Tuesday, July 10, 2012

Letter to a Prospective Grad Student

Editor's note: I recently heard from one of my favorite students from my days as a university professor.  He had performed brilliantly in our classes together, possessed an amazing depth of knowledge, and really seemed to live for studying history.  He's spent a couple of years knocking around Austin, Texas, but let me know that he wants me to write letters of recommendation for grad school.  I had discussed the issue with him before, and warned him as much as I could about the dangers involved, hoping that he would heed my warnings.  I will write recs for him but I might have to send him this letter first.


Come next year you will likely be off to graduate school, filled with the hope that you too someday might be able to emulate the professors you admire so much today. Although you won't want to hear it, you should know that the chances of that happening are pretty small. It's not that you're not intelligent and hard working, but that you have decided to embark on a journey akin to the trials of Hercules and to set yourself against unbelievable odds. The country is littered with the broken dreams of grads and even PhDs who gave it their all and still couldn't make it.

In the coming years there will be more hoops to jump though than you can possibly imagine. You will have to prove yourself in your seminars, you will have to convince your advisor that you are worth her/his attention, you will have to pass comprehensive exams, and you will need to research and write a book-length dissertation. At each step the herd will be culled mercilessly. The majority of your peers coming into graduate school with you will not make it to the doctorate. A sizable percentage of those who earn the doctorate will not find tenure-track jobs, even after years of trying. Many of those who attain tenure track jobs will have to take employment in undesirable locations and/or with ridiculously heavy workloads. Your chances of having exactly the kind of position you envision having are almost non-existent.  Certainly I know a couple of lucky people who have managed to do it, but they are the exceptions that prove the rule.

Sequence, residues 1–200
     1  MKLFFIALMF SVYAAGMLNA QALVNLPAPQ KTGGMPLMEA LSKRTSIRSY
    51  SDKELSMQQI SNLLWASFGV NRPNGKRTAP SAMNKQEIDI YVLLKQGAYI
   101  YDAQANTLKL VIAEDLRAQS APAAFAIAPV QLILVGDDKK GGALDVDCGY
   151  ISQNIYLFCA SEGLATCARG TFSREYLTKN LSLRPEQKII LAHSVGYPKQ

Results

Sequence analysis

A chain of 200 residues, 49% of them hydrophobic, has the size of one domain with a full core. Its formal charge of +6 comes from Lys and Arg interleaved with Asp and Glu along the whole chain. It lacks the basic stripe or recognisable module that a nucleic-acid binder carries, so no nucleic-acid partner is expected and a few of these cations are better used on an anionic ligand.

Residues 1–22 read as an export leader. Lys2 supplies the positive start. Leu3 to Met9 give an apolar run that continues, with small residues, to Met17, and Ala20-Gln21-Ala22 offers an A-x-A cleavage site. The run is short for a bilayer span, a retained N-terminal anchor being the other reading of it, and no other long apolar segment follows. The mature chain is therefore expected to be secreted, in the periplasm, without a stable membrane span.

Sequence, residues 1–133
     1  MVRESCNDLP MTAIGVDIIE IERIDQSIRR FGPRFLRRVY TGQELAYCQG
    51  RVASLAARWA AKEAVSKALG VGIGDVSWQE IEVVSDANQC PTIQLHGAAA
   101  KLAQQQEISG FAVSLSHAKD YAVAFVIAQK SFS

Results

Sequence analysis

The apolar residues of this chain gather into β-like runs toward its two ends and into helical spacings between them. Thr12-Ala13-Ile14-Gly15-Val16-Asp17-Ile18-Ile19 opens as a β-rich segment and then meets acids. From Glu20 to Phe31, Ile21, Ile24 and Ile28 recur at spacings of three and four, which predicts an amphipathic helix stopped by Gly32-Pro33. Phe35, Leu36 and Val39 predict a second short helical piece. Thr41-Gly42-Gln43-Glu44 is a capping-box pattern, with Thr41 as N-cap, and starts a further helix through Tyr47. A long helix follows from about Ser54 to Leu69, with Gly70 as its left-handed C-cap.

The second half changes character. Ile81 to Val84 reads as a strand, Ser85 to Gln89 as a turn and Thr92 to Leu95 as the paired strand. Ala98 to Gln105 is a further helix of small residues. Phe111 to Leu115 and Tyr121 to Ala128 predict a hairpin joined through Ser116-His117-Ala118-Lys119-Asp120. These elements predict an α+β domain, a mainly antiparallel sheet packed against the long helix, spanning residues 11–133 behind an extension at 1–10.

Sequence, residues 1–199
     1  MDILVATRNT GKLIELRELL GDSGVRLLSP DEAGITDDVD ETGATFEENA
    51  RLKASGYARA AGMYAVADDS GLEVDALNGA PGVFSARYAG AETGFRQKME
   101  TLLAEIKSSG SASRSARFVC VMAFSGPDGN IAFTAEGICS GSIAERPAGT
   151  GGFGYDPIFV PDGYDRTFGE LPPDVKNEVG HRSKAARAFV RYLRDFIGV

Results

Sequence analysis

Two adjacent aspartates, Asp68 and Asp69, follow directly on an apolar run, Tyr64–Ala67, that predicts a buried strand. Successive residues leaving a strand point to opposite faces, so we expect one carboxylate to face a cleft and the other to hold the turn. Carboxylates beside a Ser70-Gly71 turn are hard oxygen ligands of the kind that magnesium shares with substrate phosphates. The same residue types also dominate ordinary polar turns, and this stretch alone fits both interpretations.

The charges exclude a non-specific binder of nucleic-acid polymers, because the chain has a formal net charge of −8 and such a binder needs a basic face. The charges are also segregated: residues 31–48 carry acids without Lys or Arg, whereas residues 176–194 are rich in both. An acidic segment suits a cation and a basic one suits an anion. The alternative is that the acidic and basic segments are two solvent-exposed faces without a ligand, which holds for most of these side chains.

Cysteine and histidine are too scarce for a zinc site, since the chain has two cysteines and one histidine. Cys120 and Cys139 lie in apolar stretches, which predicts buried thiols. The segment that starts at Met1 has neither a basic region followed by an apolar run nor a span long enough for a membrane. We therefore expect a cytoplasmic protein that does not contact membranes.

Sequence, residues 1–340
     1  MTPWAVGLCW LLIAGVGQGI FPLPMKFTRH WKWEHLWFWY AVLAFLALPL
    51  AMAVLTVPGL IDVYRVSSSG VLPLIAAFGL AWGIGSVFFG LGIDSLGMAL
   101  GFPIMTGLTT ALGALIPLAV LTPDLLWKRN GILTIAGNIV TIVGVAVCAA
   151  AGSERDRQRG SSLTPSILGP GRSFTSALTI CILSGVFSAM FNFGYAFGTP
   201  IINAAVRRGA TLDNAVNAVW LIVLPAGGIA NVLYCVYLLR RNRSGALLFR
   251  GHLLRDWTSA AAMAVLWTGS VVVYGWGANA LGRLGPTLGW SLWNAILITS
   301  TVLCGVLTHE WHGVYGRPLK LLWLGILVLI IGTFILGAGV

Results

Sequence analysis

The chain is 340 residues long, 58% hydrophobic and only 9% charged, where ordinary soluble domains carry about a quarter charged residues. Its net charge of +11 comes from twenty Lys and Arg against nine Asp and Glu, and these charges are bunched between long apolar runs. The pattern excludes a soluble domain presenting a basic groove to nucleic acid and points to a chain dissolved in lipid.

Obviously, the increasingly grim realities of the humanities in the 21st century have not dissuaded you, so I might as well give you some tips to succeed. In the first place, you should know that ability and talent will only get you so far. If you are attending a second (or third) tier institution, or you are at a first tier institution with a no-name advisor, good luck, because you are going to need it. It's not impossible to succeed under these circumstances, but you will have to work at least twice as hard as people with the right person writing their letters of recommendation and the right institution behind their name. Trust me, I've seen deserving people struggle mightily for jobs after publishing in top journals, and I've seen others with barely half written dissertations get jobs straight out of grad school based on their advisor's name.

Go to a second-tier school for your MA if you must, but use that as a jumping off point for something better. You cannot let geography be an obstacle, no matter how much you might want to stay near where you're from. (For some reason Texans are loathe to leave the state to study elsewhere.)  If you don't get into a top PhD program, seriously think about giving up grad school unless you need the degree for a non-academic career. Otherwise you're wasting your time making yourself overqualified. I know judging people based on the schools they attend is stupid and shallow, but unfortunately, that's how things are done in this profession.  You will competing against people who have been groomed since early childhood in the "best" schools who will look down at your second-tier state university undergrad degree even though you are incredibly intelligent and full of other commendable qualities.  

You will also need to take great care with your research topic. Although I used to resist this imperative, I've come to accept the fact that certain topics are "hot" or "trendy" for good reason. You might have your heart set on writing a new diplomatic history of the Peace of Westphalia, but no one will hire you with a topic like that, and presses and journals will not publish your work. Of course, your topic should interest you, but it MUST be something relevant to the currents of contemporary scholarship.  If it's not, you are wasting your time and setting yourself up for years of frustration and heartbreak.

Think about publishing from day one. Anyone who says grads shouldn't worry about publications is stuck in the past. Also be aware of the fact that WHERE you publish matters a whole lot more than how much you publish. One article in a top journal is worth ten articles in obscure journals.

Last and most importantly, be aware that you may do all of these things and still not reach your goal. All of this might sound a wee bit pessimisstic, and it is. It's dearly bought pessimism, based on years of hard experience that I've had. Just keep in mind that academia is not the end all be all, and if you decide to do something else with your life, that doesn't make you a failure. In fact, it might make you a whole lot smarter and saner than someone like me, who took way too long to figure that out.  

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